How to Shoot More Memorable Photos? Here’s the Algorithm and Do the Test:

If you can’t wait for the conclusion, please download the scientific paper titled Understanding and Predicting Image Memorability at a Large Scale right on. But wait, at the end of this post you can even test whether your photographs are memorable or not, based on the work of researchers from MIT’s Computer Science and Artificial Intelligence Laboratory (CSAIL) who have created an algorithm that can predict almost as accurately as humans how memorable or forgettable an image is.

Would be kind of nice to know for sure how to frame and compose in order to make a photograph more memorable. A lot is about having an eye for it, and a lot is pure math. That at least is the result of an MIT study lead by Aditya Khosla, a computer science Ph.D student who’s heavily into computer vision. Says Khosla:

Understanding memorability can help us make systems to capture the most important information, or, conversely, to store information that humans will most likely forget. It’s like having an instant focus group that tells you how likely it is that someone will remember a visual message.

How memorable is this photo with focus on colorful hair, some skin, a weird little crown and lots of empty space? What's to remember?
How memorable is this photo with focus on colorful hair, some skin, a weird little crown and lots of empty space? What’s to remember? | Daniel Kestenholz
Khosla’s team previously developed a similar algorithm for facial memorability. What’s notable about the new one, besides the fact that it can now perform at near-human levels, is that it uses techniques from “deep-learning,” a field of artificial intelligence that use systems called neural networks to teach computers to sift through massive amounts of data to find patterns all on their own.

Such techniques are what drive Apple’s Siri, Google’s auto-complete, and Facebook’s photo-tagging, and what have spurred these tech giants to spend hundreds of millions of dollars on deep-learning startups.

Says the team’s principal research scientist Aude Oliva:

While deep-learning has propelled much progress in object recognition and scene understanding, predicting human memory has often been viewed as a higher-level cognitive process that computer scientists will never be able to tackle. Well, we can, and we did!

So… how does it work?

Well, they introduce a novel experimental procedure to objectively measure human memory, allowing them to build LaMem, the largest annotated image memorability dataset to date (containing 60,000 images from diverse sources). Using Convolutional Neural Networks (CNNs), they show that fine-tuned deep features outperform all other features by a large margin, reaching a rank correlation of 0.64, near human consistency (0.68).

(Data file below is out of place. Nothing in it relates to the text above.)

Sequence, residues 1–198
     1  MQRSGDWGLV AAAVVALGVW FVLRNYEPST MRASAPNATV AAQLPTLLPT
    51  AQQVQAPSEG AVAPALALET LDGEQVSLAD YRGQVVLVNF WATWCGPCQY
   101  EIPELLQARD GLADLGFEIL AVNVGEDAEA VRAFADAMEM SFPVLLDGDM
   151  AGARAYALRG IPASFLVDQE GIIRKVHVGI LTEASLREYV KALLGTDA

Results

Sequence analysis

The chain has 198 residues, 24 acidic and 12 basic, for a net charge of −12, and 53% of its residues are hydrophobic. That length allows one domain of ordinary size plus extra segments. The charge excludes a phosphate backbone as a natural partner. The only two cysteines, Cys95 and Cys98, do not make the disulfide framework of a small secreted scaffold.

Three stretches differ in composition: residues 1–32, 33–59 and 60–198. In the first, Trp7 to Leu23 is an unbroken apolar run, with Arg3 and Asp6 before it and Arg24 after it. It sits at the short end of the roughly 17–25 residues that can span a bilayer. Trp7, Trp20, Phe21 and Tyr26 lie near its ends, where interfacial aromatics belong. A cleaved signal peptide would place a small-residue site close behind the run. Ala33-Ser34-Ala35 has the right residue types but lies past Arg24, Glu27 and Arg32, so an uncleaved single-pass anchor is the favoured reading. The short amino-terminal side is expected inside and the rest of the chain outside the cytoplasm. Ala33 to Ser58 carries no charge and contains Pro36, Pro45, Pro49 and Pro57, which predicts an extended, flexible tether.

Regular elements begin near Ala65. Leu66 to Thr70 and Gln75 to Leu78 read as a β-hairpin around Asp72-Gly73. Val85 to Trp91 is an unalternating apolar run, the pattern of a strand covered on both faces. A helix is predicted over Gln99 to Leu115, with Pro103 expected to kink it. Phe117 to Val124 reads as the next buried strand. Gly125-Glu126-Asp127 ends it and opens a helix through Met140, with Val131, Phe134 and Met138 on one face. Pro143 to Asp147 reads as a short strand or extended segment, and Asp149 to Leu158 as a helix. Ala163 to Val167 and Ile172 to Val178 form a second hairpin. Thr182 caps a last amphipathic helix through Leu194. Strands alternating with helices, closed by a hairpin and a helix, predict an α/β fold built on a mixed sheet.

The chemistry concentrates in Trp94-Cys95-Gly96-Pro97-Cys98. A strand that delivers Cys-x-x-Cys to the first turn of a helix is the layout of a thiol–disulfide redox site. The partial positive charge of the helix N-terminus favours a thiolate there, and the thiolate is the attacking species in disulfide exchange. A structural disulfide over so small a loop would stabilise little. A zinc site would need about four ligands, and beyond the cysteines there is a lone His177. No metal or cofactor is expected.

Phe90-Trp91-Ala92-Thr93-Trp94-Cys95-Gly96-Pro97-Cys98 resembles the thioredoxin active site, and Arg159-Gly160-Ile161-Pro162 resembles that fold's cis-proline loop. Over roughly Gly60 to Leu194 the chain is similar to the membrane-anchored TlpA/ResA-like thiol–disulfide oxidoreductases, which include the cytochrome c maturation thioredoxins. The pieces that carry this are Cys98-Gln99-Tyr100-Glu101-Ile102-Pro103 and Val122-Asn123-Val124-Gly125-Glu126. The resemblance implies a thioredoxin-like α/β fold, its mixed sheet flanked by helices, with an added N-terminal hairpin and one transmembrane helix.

Neural networks work to correlate data without any human guidance on what the underlying causes or correlations might be. They are organized in layers of processing units that each perform random computations on the data in succession. As the network receives more data, it readjusts to produce more accurate predictions.

For each photo, the MemNet algorithm also creates a heat map that identifies exactly which parts of the image are most memorable:

So that's a shot the human mind obviously remembers above average!
Looks like that’s a photo the human mind remembers above average!

What this all means?

Not only can a more memorable photographs potentially increase someone’s memory. It also provides a better understanding of the visual information that people pay attention to, meaning there’s a key message for photographers, marketers, movie directors and other content creators: to better tailor visual content for individual targeted audiences and industries, even such as retail clothing, logo design and, yes, good old excellent photography.

You can try out LaMem online by uploading your own photos right here. And? Memorable stuff?

What’s up next for the research team? They plan to turn it into an app that subtly tweaks photos to make them more memorable.

Being at it, you also might want to check out Khosla’s GazeFollow, another images-based computer vision project allowing to understand what people are thinking, and what they might do next…


  • Dariano Bisotnik

    very lame: any photo of close-up face has a score of very high, images that despite being very captivating but have a lot of detail sore low… I wonder how a “controversial” image would score?
    what is missing is “content” assessment :-)